I’m always mentioning my sadness that there doesn’t exist a plaque in front of Varsity Stadium declaring, “THIS IS WHERE JOHN LENNON & THE PLASTIC ONO BAND PLAYED LIVE PEACE IN 1969,” or another one outside the Maple Leaf Gardens site saying, “ELVIS WORE HIS GOLD LAME SUIT HERE FOR THE LAST TIME IN 1957.” Chicago is covered in historical plaques, and even though Toronto is way younger than Chicago, we should at least be keeping track of this history in a more concrete way. Of course, I’m treading dangerously in the area of comparing Toronto to other cities here, so I digress.
I would really love for Toronto to look at itself with historian eyes. I would like Toronto to be aware of its magic. After I dropped my son off at a gamercamp yesterday, I had four hours to kill. I delighted in wandereing up Yonge Street, remembering the head shops I used to frequent, the arcade I used to haunt, the tiny hole in the wall hair salon where I had my hair dyed purple for the first time, and the little stores where I used to search for Sailor Moon paraphernalia. That was when I was a young yellow-tinted glasses-wearing-Treble Charger-loving thrift store hunter, or what now most would call, a hipster. I was hipster before hipster was even a word, man (Ok, don’t quote me on the hipster bit since I could be wrong. Maybe you’ve just heard of it!). I’d skip school, put on my blue plaid pants with those yellow glasses, and take myself to an indie movie at the Cumberland, Uptown, University or the Towne Cinema (damn I miss that theatre underneath the Bloor and Yonge**). Three of those theatres are now long gone, but I still look at the areas and buildings that used to house them with heartwarming memories. When I was a kid I watched Superman for the first time at the Uptown, cross-legged with a giant bag of popcorn on my lap on the stage. That bag was bigger than me! The most memorable thing about that day wasn’t just the beginning of my life long love affair with the story of Superman, but the fact that my mom bought us tickets for the next showing before the movie was even finished! I saw Superman two times with my mom that day and it stands out still, and may forever stand, as one of the best days of my life.
Yesterday I took a very nostalgic walk on a street I’ve walked, even run through, many times before. I saw it through bits of factual history, fantastical characters and new scenes in the budding stories I write as well. Toronto is continually changing, as every city should. Like language, the city is a living, breathing and evolving being. Demoltion and building and rebuilding is a part of its growth, just as, and some may argue this, slang is a part of a language’s evolution. I believe, though, that we need to step back, among all of its fast progression, and take in, and take note of, all of our cultural and personal histories.They make us who we are: Toronto is a vibrant, important capsule containing many living worlds within itself. We are a gathering of thriving villages struggling in a rapidly expanding metropolis. Let’s sit back and reminisce about its foundations once in a while.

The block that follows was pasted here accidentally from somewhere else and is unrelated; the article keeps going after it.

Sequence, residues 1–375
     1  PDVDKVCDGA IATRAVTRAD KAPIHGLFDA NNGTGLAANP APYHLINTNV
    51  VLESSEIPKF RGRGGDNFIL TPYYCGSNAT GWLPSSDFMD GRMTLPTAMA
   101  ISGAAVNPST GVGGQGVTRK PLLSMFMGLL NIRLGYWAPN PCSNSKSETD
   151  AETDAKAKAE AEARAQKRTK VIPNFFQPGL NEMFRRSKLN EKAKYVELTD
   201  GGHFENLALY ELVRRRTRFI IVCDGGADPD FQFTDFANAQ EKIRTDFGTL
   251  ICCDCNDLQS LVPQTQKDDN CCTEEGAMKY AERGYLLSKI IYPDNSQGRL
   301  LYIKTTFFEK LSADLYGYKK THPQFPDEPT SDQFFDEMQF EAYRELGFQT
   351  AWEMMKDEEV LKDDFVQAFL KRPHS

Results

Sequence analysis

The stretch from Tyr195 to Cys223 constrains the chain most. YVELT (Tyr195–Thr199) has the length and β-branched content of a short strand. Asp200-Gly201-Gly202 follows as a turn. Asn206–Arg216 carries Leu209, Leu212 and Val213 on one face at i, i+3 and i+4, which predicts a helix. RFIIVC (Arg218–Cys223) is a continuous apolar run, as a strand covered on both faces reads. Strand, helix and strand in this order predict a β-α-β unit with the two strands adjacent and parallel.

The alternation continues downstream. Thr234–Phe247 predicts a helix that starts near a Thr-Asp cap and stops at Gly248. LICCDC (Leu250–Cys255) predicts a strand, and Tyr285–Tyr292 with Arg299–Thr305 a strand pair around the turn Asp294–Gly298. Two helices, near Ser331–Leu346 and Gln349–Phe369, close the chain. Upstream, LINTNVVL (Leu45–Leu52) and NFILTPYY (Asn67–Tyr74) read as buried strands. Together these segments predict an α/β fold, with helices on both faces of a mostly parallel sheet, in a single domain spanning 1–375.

Just one of the little things I found while walking yesterday.
There are a collection of books and novels about Montreal and Ottawa that are awaiting me as soon as I zip through “Stroll” again and “The Girls of Murder City” by Douglas Perry. The Girls is a book about the women that inspired Chicago: the Musical. Quite an adventurous read since it’s a fictionalized story set in facts. I’m also currently re-reading, as I’m always re-reading books, some Margaret Atwood and old Canadiana classics from school with a distinct eye out for Toronto settings (also, thanks to Vicki Ziegler and her reading list at the great Canadian Bookshelf – do yourself a favor and check out all the reading lists while there. Talk about home and setting!). The more I read, the more I find, the more I find, the more I get to know, and live cities through its books and its walks (and if you know me, through running and cycling through them too).
**The Towne Cinema: On one of our field trips in Grade 11, my school, Madonna High School, took us to a showing of Mel Gibson in Hamlet at the Towne Cinema. That’s where I met the ticket agent lady, to be soon known as the Beehive Lady. I called her that because even in the 90s it was kind of rare to see anyone in a pinkish beehive hairdo. Our teacher asked to purchase tickets and in an accent I had (and to this day), never heard before she yelled out, “HAMLET?! That’s not in this theatre! It’s in the OTHER theater!” She slammed her little window shut and left the booth. Our teacher and I laughed for a good long time before realizing that we were in fact in the wrong theatre. It was playing at the Cumberland nearby.
I also remember taking my sister there to introduce her to Beehive Lady and to watch Pee Wee’s Big Top in the theatre filled with screaming school children. I can’t pass the exit of the Bloor and Yonge subway station without looking at the wall that housed that booth and the entrace to that theatre. It smelled like Cheeze-Its, but they were always out of them.
Many thanks to all the authors who have guided these adventures…..so far.